The title of this article is a quote by Benjamin Franklin, and it happens to be one of my all-time favorites. As the oldest child in an unusually large family (more to come on family later!) I have been told my entire life to be a good example. Before I gave my life over to Christ this was a daunting task. I used to feel such pressure to be perfect and to make certain that no one could see me stumble. This was back when if you faltered it was only seen by those who were with you or if you chose to tell them. Today that is not the case anymore. Most of us live our lives in an extremely public sphere without ever leaving our homes.
The internet has brought a gigantic world to our fingertips. In many ways this is a good thing: online schools, quick communication with friends and family, and an abundance of information available at a moment’s notice. It has also encouraged us to unknowingly invite some very dangerous things into our home. There are the obvious dangers such as readily available “adult” (why can’t they just call it what it is… pornography?) anti-Christianity, anti-family websites. These are the things that we are warned about in church and in Christian literature. But what about the more subversive dangers? These dangers lie in wait under the guise of convenience.
There was a time when if you wanted to talk to someone you had to call them and hope they were at home. Prior to that you wrote letters and hoped the mail arrived. If you couldn’t read or write then you had to hope that you would see the other person soon. Now, we can hop on facebook and find out as much as we would like about a mere acquaintance without ever having to actually speak to them. Social media sites like Facebook and Twitter allow for people to re-connect with classmates from high school and college, which can be fantastic. But it has also become the place to go and vent all of your feelings no matter how personal. It has also grown to be a breeding ground for hateful words and bullying. This behavior is not limited to teenagers or non-Christians!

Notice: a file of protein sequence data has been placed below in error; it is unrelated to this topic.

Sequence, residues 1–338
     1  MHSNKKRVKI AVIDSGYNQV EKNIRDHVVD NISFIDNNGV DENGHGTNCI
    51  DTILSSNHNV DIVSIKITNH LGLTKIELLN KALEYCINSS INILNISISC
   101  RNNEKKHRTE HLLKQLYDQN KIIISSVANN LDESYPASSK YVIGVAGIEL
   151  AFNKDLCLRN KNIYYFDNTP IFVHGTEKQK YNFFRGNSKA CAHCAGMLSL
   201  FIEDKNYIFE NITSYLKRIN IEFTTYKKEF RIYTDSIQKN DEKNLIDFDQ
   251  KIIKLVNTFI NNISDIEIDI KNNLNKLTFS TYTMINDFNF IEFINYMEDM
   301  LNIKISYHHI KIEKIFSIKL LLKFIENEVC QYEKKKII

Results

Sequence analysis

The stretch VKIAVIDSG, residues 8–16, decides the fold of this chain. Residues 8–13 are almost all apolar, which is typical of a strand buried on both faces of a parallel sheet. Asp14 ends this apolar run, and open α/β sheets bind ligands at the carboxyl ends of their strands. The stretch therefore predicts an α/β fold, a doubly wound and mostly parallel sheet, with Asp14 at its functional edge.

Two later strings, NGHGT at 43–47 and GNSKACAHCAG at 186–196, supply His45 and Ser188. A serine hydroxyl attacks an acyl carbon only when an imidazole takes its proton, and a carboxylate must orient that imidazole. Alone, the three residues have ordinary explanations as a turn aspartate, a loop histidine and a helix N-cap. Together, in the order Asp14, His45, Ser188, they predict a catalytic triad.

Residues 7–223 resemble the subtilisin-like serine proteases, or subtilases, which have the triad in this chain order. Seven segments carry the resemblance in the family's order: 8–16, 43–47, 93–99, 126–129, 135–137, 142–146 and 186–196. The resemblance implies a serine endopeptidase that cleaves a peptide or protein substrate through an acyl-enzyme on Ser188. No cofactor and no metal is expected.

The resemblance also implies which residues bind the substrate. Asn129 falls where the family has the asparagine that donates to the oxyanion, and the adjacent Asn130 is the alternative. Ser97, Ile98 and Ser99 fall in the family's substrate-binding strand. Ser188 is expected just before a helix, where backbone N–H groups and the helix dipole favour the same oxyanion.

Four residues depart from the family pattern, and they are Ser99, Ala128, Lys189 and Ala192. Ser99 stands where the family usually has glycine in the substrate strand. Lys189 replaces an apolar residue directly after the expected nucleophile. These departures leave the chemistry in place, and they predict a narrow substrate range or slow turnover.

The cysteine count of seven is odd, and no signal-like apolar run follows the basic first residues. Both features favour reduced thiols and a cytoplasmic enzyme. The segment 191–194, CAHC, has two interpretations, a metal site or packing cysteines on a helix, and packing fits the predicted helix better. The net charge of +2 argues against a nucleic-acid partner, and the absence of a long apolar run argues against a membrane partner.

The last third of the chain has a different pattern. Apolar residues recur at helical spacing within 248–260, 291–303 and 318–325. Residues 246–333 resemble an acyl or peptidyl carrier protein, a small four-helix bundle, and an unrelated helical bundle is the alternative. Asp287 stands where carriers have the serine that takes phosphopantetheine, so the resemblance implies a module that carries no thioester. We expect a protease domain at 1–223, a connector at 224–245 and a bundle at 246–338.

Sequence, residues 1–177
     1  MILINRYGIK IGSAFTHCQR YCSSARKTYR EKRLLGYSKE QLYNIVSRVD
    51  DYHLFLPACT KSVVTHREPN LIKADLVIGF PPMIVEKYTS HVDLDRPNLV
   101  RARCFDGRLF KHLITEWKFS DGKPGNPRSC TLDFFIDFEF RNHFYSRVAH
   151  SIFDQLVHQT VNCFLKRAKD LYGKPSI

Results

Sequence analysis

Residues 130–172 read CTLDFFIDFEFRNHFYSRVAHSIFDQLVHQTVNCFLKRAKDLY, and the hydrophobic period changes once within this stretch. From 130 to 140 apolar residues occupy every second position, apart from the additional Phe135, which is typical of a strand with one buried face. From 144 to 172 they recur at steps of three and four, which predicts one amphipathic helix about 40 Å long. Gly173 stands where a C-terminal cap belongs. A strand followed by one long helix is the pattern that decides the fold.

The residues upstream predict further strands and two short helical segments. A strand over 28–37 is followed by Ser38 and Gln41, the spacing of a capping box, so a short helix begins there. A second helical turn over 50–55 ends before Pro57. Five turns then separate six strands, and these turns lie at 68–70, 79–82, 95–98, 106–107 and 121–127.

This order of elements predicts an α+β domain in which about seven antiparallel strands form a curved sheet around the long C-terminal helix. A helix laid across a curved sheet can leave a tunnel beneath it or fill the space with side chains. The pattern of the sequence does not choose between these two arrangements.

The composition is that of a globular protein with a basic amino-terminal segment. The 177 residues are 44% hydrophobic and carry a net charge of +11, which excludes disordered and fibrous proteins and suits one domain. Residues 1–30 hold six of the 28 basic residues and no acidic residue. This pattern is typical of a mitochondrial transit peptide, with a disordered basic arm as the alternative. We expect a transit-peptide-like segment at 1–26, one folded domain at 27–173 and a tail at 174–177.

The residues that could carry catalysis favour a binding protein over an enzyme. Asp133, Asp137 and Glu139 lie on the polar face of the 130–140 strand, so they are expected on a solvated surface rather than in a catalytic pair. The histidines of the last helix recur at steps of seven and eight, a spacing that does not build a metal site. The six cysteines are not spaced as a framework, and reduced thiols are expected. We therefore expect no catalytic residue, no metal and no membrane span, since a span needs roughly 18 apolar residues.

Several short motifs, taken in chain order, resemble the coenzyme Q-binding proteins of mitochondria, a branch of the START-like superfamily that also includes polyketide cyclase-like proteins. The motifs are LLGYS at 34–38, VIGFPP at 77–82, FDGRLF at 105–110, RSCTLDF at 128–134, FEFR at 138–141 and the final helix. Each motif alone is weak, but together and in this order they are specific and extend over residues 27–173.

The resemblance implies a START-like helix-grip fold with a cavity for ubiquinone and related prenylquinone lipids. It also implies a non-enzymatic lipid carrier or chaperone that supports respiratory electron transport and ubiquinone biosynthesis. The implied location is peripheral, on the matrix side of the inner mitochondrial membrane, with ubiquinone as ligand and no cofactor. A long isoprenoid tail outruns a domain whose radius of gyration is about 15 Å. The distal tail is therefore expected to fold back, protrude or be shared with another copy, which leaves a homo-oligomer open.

- This last week when the Chick-fil-a day happened I witnessed people saying horrific things to one another on facebook. Would it surprise you to learn it was a 58 year old former Sunday school teacher whose posts made me log off facebook for the next 24 hours? Some people will say that this is an isolated case, that everyone was upset over the Chick-fil-a controversy.
- A girl I went to college with posted pictures of her vacation to Spain including several very suggestive pictures of her and the men she met along the way. The captions of the photos read, “I’m on vacation it doesn’t count!” This young woman is getting married in eight weeks to a young man who just secured his first job as a youth minister.
- A high school friend (and current small group leader for a local church) posted last month that he and his wife are getting a divorce after he discovered her infidelity. He proceeded to call the mother of his children several terrible names in his status update…. Where all of his “friends” could see it.
Let me end this article by saying that I am NOT anti-internet or social media! I have a personal facebook, I have a twitter account for this blog and I (obviously!) write a blog. I think the internet is fantastic when used correctly. I am also guilty of updating my status to things I probably shouldn't have in the past.The most important thing I am saying is that our chance to be a good example has widened significantly. We have a chance to shine for Christ to people that we don’t see every day. We can get books and supplies from places like Amazon and Ebay. We can use Netflix to show videos that educate and uplift. We can use these tools to help build up and educate the body of Christ. But it takes a decisive hand in order to ensure that these conveniences do not become distractions and stumbling blocks. Matthew 5:16 says, “In the same way, let your light shine before men, that they may see your good deed and praise your father in heaven.” We need to be a shining example for Christ in everything we do, we never know who might be watching and what impact we may have on their lives.